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International Manual

Arbitrage: practical guidance - examples demonstrating the application of the arbitrage legislation: Example 6 - receipts legislation - deferred subscription

Example 6 - receipts legislation - deferred subscription

Use this link to view example 6 - receipts legislation - deferred subscription diagram

Facts: UK Sub 1 is a company established by Code A HoldCo with nominal share capital value equal to the value of UK Sub 2. The Code A and Code B HoldCos agree to swap their holdings in Sub 1 and Sub 2.

The shares are issued to Code A HoldCo on deferred payment terms that allow the subscriber to make payments in instalments. The amount payable is increased to reflect the delay in payment and in accordance with Code A rules, the Code A HoldCo is given a tax deduction for the increase. After the share swap, Code A HoldCo retains its obligation to make the deferred payments for the shares now held by Code B HoldCo.

The end result is economically the same as if Code A HoldCo had been indebted to UK Sub 1 in respect of unpaid share capital. If this had been the arrangement, the additional amounts paid by the HoldCo would have been interest paid on the debt, taxable in the hands of UK Sub 1.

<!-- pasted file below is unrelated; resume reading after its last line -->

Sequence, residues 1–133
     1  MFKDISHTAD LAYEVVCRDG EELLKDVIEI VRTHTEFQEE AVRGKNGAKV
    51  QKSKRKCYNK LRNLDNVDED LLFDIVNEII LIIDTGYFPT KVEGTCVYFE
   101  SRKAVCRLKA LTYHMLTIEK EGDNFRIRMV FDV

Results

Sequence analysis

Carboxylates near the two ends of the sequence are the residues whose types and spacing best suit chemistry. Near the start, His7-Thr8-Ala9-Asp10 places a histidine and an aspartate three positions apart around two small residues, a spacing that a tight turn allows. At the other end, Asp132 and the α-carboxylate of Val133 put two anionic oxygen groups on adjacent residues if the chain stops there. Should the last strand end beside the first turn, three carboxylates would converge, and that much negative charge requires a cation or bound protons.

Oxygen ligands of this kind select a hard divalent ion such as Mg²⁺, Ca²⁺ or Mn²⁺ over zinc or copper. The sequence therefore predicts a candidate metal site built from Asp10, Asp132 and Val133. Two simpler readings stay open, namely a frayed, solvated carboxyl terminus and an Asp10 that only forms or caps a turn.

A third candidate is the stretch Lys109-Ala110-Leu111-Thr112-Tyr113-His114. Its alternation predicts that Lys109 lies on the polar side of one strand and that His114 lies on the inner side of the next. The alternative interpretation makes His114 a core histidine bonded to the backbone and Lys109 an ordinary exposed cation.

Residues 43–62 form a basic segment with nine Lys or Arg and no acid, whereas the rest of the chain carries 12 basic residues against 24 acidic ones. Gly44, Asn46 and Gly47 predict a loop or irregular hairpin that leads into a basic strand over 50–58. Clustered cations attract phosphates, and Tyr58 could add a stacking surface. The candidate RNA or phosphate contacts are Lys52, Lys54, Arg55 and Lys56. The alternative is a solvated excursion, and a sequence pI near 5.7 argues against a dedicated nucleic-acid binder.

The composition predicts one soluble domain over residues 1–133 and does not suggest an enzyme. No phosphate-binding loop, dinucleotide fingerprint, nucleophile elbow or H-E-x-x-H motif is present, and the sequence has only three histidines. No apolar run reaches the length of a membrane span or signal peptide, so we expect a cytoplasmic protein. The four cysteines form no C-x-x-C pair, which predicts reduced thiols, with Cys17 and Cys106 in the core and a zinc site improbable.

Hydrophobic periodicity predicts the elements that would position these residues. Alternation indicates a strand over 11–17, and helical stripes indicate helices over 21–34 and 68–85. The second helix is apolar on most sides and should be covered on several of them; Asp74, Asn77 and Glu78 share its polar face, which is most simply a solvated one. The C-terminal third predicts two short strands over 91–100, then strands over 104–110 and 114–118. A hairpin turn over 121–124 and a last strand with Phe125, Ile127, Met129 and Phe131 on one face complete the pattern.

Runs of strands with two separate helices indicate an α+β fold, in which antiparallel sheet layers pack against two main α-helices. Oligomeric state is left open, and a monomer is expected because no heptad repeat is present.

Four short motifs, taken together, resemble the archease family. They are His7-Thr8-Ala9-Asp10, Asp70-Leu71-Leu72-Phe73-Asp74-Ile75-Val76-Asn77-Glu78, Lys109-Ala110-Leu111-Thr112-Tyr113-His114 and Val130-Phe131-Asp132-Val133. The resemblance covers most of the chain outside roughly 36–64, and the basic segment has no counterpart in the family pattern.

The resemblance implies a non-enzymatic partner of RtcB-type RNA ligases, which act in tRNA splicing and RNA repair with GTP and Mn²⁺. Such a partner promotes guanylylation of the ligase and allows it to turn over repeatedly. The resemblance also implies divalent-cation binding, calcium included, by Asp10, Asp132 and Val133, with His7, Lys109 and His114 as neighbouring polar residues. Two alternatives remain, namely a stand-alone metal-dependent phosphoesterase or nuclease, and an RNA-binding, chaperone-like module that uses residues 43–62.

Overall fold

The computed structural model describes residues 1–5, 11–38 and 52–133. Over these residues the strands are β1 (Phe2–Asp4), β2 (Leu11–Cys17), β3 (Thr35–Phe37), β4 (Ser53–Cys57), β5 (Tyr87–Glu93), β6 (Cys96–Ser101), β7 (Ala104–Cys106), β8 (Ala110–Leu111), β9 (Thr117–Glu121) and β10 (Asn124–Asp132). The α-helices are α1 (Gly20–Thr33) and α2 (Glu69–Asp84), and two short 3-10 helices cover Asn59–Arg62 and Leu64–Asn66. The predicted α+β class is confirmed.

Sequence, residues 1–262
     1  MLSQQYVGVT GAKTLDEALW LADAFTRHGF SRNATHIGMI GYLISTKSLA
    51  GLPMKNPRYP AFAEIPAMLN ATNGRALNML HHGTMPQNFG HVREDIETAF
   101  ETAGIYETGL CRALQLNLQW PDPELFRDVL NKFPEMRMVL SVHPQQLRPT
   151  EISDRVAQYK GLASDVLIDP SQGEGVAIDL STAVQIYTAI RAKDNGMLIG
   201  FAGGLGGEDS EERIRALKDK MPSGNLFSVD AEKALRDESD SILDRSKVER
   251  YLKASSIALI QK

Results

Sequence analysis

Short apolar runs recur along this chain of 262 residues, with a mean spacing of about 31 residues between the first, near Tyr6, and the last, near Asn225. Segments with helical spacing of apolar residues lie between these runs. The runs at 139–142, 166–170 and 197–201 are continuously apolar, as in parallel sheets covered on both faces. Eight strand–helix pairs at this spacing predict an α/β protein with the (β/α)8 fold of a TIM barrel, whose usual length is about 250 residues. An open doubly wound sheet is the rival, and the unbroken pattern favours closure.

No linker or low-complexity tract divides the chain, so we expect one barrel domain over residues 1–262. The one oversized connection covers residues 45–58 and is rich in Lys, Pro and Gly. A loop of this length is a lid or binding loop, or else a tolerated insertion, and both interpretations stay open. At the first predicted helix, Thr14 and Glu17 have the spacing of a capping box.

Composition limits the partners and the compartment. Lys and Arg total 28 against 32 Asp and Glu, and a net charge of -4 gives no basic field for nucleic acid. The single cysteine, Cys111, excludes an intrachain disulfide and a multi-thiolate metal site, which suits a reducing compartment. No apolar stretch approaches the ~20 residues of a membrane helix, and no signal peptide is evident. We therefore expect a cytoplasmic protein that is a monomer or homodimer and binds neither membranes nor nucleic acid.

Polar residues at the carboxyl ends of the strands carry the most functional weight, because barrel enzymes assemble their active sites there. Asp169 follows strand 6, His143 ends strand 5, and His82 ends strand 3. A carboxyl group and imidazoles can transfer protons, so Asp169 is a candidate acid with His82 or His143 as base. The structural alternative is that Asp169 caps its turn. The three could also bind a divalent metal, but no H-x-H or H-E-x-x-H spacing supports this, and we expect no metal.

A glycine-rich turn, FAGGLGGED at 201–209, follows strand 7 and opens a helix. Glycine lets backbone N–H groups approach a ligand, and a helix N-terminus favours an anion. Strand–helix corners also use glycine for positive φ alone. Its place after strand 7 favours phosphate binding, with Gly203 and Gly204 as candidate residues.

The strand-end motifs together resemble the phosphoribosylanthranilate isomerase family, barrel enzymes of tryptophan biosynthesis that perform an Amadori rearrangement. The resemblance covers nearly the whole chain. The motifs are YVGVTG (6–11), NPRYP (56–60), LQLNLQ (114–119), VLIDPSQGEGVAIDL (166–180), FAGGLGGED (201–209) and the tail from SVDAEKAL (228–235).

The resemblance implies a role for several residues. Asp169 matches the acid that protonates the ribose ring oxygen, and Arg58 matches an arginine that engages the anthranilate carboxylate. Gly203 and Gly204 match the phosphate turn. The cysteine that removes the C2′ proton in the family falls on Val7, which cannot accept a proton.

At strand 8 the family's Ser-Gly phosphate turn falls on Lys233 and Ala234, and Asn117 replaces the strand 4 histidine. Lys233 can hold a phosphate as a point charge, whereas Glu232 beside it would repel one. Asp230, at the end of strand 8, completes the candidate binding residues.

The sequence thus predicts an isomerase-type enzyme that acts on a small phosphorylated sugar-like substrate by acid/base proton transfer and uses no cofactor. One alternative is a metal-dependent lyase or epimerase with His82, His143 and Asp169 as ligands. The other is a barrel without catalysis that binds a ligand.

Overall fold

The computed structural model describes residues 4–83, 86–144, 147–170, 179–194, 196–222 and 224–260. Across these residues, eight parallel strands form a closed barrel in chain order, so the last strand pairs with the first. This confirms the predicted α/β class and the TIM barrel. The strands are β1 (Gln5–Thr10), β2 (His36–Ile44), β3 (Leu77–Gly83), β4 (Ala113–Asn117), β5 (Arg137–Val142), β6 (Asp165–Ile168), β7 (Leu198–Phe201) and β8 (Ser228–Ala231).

Under the scheme as described, the financial avoidance rules do not apply to UK Sub 1 because of the Code B HoldCo positioned between the UK HoldCo and UK Sub 1.

Analysis: This example considers the effect of the arbitrage receipts legislation.

Condition A is met in relation to UK Sub 1 and the Code A HoldCo.

Condition B is met because the payment for shares is a contribution to UK Sub 1’s capital.

Code A HoldCo is allowed a tax deduction under Code A tax rules for the extra amount it pays in compensation for the deferred subscription terms. Therefore Condition C is met.

Because FA96/S91A does not apply in this case, Condition D is met.

Since it was anticipated that UK Sub 1 would not otherwise be taxed on any part of the amount received in respect of shares, Condition E is also met. The receipts legislation therefore applies.

The rule for receipts taxes the amount received by UK Sub 1 to the extent that Conditions C and D are satisfied in relation to the payment. The whole of the payment satisfies Condition D, since none of it is taxed in the UK, but only the part of the payment that is given as a tax deduction to Code A HoldCo satisfies Condition C.

Therefore UK Sub 1 is taxed on the amount that is given as a tax deduction to Code A HoldCo. This is the part of the payment that compensates UK Sub 1 for the fact that it received its money later than it would have done under immediate payment terms for its shares.